Today is day six without a phone.
Besides for feeling slightly isolated, it’s not too bad.
I’ve been doing things that I know I would not be doing if my phone was sitting next to me, shiny screen beckoning.
Is anyone else alarmed by the way extended warranties are sold on just about anything and everything? It means one of two things – either someone has found a great way of getting consumers to part with more of their hard earned dollars or manufacturers have no faith in their own products. Neither of those options is particularly heartwarming.
As I described Gaon in a review in June 2001 (“In Search of Ancestors, Sculpture by Simon Gaon” at Yeshiva University Museum), his Bukharian Jewish roots are deeply embedded on both sides of his family, echoed in his early yeshiva education.
Let me begin by congratulating my dear machatunim, Soraya and Jay Nimaroff, on being the recipients of the Community Service Award at the Sderot Hesder Institutions 18th annual anniversary dinner.
Think of your issues this way: due to those different backgrounds, you have a “shovel” to deal with difficulties while he has a “spoon”.
Do you remember the good old days when kids were kids and there was never anything to worry about? Those days never really existed, but today there are issues kids worry about that weren’t issues for some adults. They include fear of bullying, natural disasters, divorce, and violence.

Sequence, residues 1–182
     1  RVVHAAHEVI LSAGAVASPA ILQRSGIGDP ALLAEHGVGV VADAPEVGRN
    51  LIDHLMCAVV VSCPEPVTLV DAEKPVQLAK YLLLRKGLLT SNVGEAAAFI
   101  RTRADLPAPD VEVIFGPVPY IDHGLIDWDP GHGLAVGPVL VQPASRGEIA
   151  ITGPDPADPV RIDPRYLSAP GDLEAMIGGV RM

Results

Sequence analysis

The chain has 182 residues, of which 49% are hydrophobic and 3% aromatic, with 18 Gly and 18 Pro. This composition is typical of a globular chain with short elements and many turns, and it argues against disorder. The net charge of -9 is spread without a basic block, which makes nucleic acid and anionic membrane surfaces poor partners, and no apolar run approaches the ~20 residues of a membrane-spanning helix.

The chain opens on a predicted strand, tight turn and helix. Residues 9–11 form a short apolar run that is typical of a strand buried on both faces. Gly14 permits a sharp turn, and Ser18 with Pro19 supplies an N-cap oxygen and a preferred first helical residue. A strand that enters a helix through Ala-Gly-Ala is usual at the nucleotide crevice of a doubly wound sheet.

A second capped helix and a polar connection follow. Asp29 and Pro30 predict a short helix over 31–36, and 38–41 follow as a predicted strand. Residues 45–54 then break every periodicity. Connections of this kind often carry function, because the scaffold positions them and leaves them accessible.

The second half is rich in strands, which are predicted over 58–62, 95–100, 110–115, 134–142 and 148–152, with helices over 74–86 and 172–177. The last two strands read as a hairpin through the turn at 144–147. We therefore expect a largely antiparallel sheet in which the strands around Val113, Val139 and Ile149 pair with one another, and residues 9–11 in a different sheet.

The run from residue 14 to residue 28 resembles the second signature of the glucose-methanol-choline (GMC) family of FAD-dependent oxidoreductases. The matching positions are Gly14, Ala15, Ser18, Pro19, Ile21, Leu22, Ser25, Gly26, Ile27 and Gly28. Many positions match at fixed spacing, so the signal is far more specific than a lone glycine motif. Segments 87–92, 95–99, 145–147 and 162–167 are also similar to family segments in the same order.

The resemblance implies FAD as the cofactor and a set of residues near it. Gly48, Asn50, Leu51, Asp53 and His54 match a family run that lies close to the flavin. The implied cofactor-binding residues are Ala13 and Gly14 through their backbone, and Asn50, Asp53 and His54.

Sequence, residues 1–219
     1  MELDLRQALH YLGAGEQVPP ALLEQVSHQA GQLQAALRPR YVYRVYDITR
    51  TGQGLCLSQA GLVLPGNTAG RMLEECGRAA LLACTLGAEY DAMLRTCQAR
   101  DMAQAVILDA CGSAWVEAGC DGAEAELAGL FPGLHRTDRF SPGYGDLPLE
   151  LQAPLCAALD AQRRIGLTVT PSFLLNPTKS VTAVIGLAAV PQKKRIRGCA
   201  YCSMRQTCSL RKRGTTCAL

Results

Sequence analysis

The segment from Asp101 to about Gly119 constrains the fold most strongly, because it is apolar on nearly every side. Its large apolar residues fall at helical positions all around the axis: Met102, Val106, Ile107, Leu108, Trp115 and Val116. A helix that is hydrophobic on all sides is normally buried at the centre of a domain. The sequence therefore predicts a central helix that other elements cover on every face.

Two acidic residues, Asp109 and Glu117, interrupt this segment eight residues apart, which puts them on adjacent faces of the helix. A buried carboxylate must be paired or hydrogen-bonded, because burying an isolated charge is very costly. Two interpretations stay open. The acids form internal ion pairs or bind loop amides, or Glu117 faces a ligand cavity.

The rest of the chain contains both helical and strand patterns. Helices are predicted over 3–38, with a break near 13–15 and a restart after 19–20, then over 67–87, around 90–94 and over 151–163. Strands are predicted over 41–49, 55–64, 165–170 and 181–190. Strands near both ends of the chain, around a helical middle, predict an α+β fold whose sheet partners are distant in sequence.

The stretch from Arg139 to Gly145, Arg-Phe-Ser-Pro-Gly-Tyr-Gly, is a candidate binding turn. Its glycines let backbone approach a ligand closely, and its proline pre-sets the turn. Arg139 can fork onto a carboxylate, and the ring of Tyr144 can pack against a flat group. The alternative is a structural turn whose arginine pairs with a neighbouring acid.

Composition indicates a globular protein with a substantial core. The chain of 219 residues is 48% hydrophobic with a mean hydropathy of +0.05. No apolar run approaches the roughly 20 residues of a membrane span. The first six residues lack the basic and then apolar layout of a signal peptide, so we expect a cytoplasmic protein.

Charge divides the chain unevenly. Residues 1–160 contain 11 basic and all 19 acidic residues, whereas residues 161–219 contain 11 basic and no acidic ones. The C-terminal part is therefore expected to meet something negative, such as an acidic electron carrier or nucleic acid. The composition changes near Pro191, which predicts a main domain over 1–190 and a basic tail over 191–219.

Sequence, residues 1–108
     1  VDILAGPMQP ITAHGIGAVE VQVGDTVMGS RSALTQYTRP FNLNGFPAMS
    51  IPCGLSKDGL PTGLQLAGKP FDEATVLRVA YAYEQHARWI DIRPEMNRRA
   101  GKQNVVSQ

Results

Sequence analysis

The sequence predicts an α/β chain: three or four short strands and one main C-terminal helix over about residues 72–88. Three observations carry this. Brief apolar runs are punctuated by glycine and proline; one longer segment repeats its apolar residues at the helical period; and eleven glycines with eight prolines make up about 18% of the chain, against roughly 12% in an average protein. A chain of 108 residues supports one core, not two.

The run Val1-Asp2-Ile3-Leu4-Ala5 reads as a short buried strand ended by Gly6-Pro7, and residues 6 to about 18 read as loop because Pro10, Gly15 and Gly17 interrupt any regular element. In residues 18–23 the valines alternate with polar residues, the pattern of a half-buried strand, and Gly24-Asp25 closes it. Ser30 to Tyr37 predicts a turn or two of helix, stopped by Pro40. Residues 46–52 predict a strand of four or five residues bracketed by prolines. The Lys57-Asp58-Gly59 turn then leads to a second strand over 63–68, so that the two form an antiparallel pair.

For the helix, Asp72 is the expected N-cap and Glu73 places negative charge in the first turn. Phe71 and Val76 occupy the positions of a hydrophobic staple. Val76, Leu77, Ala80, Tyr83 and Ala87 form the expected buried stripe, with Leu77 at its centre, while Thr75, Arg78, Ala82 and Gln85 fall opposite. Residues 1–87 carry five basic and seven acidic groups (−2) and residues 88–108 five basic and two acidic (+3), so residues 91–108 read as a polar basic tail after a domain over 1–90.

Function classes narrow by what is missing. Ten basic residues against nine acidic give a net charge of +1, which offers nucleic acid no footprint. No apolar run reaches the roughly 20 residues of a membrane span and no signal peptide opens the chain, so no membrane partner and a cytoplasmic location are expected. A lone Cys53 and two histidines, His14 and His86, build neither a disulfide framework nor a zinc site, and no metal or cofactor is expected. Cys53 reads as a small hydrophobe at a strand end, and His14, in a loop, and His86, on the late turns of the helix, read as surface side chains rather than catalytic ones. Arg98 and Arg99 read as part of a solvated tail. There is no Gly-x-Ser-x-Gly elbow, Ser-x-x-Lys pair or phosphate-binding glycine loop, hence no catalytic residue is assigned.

In Part I talked about celebrating 30 years of Regesh Family and Child Services providing services to children, teens and families. I shared the agency’s origin and the many lessons I have learned through this journey. As I mentioned, it is my hope that my experiences will add to your toolbox of life skills.
Unfortunately, a map of the Middle East with no mention of Israel is nothing new… It is surprising however, that the world’s largest publisher of children’s literature, Scholastic Books, has joined in this trend.
About six months ago my parents and I started discussing ideas for a mitzvah project in honor of my bat mitzvah. I wanted to do something unique that would be meaningful to me and also do something that my friends could participate in. Immediately I thought of an organization called Sharsheret.
“I’m disappointed that the agreement reached with Iran leaves our unfulfilled our ultimate objective: a complete dismantling of Iran’s nuclear program and related activities.
Southern NCSY will be holding a leadership training Shabbaton at the Young Israel of Bal Harbour December 6 and December 7. Rabbi Steven Weil, executive vice president of the Orthodox Union, will be the special guest speaker.